The following is a summary of financial information regarding the Company’s business segments (amounts in thousands) for the years ended December 31:

 

     2013     2012     2011  

Revenues of each segment are as follows:

      

Income Properties

   $ 12,828      $ 8,463      $ 7,679   

Commercial Mortgage Loan

     1,713        —          —     

Real Estate Operations

     5,946        3,099        501   

Golf Operations

     5,075        4,506        4,661   

Agriculture and Other Income

     276        165        125   
  

 

 

   

 

 

   

 

 

 

Total Revenues

   $ 25,838      $ 16,233      $ 12,966   
  

 

 

   

 

 

   

 

 

 

Operating income (loss) from Continuing Operations before income tax for each segment is as follows:

      

Income Properties

   $ 11,494      $ 7,787      $ 7,152   

Commercial Mortgage Loan

     1,713        —          —     

Real Estate Operations

     2,292        2,394        (250

Golf Operations

     (412     (888     (1,333

Agriculture and Other Income

     128        (34     (527

General and Corporate Expenses

     (8,936     (8,395     (14,011
  

 

 

   

 

 

   

 

 

 

Total Operating Income (Loss)

   $ 6,279      $ 864      $ (8,969
  

 

 

   

 

 

   

 

 

 

Identifiable assets of each segment are as follows:

      

Income Properties

   $ 151,683      $ 130,726      $ 116,944   

Commercial Mortgage Loan

     18,888        —          —     

Real Estate Operations

     29,929        34,162        34,529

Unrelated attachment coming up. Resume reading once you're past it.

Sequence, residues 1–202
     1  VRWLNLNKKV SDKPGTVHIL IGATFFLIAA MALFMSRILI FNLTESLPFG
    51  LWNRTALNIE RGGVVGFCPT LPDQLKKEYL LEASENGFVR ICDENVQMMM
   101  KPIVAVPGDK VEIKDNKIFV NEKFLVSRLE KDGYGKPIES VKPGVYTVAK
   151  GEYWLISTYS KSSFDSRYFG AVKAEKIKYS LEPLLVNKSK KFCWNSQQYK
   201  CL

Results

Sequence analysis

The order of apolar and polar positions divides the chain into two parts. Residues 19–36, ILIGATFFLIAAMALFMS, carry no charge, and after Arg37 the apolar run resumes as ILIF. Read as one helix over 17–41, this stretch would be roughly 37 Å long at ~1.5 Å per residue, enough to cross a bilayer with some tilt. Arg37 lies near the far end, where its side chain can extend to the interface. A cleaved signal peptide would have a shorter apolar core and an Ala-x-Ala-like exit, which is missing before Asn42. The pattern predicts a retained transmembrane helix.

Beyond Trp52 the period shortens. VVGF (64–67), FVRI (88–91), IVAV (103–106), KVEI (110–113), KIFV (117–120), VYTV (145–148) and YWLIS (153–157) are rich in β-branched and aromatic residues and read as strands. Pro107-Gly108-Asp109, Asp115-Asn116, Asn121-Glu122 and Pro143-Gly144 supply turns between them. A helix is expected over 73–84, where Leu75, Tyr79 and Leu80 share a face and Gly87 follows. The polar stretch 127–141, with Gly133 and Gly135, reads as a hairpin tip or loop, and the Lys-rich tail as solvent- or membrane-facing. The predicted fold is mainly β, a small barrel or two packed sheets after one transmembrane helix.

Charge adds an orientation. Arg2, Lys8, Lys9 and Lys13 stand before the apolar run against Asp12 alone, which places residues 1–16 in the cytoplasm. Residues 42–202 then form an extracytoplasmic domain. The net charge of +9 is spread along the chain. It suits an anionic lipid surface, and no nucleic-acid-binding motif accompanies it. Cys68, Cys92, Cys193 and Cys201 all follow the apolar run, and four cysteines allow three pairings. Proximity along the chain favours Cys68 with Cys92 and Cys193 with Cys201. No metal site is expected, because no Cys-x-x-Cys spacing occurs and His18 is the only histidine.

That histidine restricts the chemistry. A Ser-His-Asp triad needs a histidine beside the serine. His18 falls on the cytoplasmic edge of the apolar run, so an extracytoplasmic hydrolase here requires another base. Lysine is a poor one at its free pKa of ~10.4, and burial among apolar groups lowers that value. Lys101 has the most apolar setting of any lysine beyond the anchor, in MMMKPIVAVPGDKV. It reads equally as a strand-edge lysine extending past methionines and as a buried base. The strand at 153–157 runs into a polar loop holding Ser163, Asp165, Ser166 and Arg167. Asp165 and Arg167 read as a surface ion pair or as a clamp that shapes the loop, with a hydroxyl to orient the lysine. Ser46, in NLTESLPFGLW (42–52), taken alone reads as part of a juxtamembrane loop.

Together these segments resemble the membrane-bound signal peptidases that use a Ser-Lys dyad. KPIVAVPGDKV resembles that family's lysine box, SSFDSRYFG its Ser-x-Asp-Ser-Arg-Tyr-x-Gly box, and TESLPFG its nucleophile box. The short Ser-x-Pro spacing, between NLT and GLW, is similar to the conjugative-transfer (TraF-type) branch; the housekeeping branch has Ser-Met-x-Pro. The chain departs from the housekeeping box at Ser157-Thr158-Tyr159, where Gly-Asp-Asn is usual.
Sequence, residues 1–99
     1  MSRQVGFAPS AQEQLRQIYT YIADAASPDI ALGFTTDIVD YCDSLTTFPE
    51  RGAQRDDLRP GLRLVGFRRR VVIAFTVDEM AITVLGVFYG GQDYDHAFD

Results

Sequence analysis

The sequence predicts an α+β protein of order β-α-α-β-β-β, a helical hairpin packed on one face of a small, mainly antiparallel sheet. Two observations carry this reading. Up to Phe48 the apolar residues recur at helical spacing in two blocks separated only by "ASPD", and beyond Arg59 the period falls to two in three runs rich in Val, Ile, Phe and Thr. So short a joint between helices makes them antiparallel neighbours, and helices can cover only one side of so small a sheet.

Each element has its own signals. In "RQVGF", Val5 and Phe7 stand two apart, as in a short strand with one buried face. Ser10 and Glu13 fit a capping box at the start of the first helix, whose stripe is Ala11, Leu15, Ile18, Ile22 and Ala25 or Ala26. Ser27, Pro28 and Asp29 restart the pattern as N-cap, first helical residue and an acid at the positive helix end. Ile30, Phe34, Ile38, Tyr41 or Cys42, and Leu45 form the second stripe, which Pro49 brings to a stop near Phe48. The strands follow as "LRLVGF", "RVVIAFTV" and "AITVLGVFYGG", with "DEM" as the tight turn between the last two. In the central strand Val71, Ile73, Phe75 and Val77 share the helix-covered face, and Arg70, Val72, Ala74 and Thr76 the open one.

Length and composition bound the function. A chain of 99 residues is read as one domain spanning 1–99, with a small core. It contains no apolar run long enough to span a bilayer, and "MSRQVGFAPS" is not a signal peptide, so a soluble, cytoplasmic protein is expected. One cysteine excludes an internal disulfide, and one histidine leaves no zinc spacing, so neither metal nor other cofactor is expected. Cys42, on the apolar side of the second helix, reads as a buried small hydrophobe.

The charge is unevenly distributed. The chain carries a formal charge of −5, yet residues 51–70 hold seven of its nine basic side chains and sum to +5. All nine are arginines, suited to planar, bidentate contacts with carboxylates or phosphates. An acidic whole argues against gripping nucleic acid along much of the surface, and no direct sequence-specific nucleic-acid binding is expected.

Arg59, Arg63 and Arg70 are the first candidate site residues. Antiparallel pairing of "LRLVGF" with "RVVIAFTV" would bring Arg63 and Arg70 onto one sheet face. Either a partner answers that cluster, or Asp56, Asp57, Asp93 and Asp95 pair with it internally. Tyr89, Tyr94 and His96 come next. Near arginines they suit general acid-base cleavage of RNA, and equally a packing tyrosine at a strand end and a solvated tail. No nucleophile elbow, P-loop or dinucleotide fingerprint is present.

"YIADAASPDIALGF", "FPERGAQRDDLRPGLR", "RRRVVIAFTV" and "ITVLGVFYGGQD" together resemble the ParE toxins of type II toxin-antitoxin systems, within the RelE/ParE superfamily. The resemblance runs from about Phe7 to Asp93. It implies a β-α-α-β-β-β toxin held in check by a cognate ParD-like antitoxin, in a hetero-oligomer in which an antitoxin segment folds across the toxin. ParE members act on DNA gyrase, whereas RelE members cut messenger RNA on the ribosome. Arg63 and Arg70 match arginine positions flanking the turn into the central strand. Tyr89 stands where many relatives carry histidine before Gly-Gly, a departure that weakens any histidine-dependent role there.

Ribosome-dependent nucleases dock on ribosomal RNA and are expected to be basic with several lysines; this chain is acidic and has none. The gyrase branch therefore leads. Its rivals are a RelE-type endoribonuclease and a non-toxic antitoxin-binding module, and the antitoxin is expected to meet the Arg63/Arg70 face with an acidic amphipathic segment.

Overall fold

Golf Operations

     3,269        3,230        2,859   

Agriculture and Other

     22,415        16,579        15,934   
  

 

 

   

 

 

   

 

 

 

Total Assets

   $ 226,184      $ 184,697      $ 170,266   
  

 

 

   

 

 

   

 

 

 

 

1


Table of Contents
ITEM 1. BUSINESS (continued)

 

BUSINESS PLAN

Our business plan is primarily focused on investing in income-producing real estate and optimizing the value of our land holdings. Our investments in income-producing real estate are conducted primarily through the acquisition of income properties generally with single tenants, self-development of flex-office assets or investing in mortgage loans or similar financings secured by commercial real estate. Our investment in single-tenant income properties, when possible, utilizes proceeds from other real estate transactions which qualify for income tax deferral through the like-kind exchange provisions under Section 1031 of the Internal Revenue Code. We have generally held our portfolio of land holdings, which are used for agricultural purposes, for a significant period of our 111-year history, and as a result our book basis in the majority of these assets is very low. Therefore, dispositions of this agricultural land typically generate large taxable gains. Utilizing the like-kind exchange process allows us to defer the related income taxes on these gains and reinvest effectively 100% of the net sales proceeds of the qualifying transaction into income-producing properties. In limited circumstances we have reacquired land that we have previously sold either pursuant to the terms of the sales agreement or through foreclosure of the financing we provided to the buyer of the land. Land we have reacquired typically has a higher book basis. Our approach in investing in income-producing real estate is to use moderate leverage, when appropriate or necessary, to fund our acquisitions and to help accelerate our business plan objectives. Our use of leverage in acquiring income-producing real estate is intended to provide positive returns relative to our borrowing costs. We believe this will enhance our Company’s income-generating real estate asset base while keeping us cash flow positive with approximately half of our market capitalization held in lower-yielding agricultural land assets.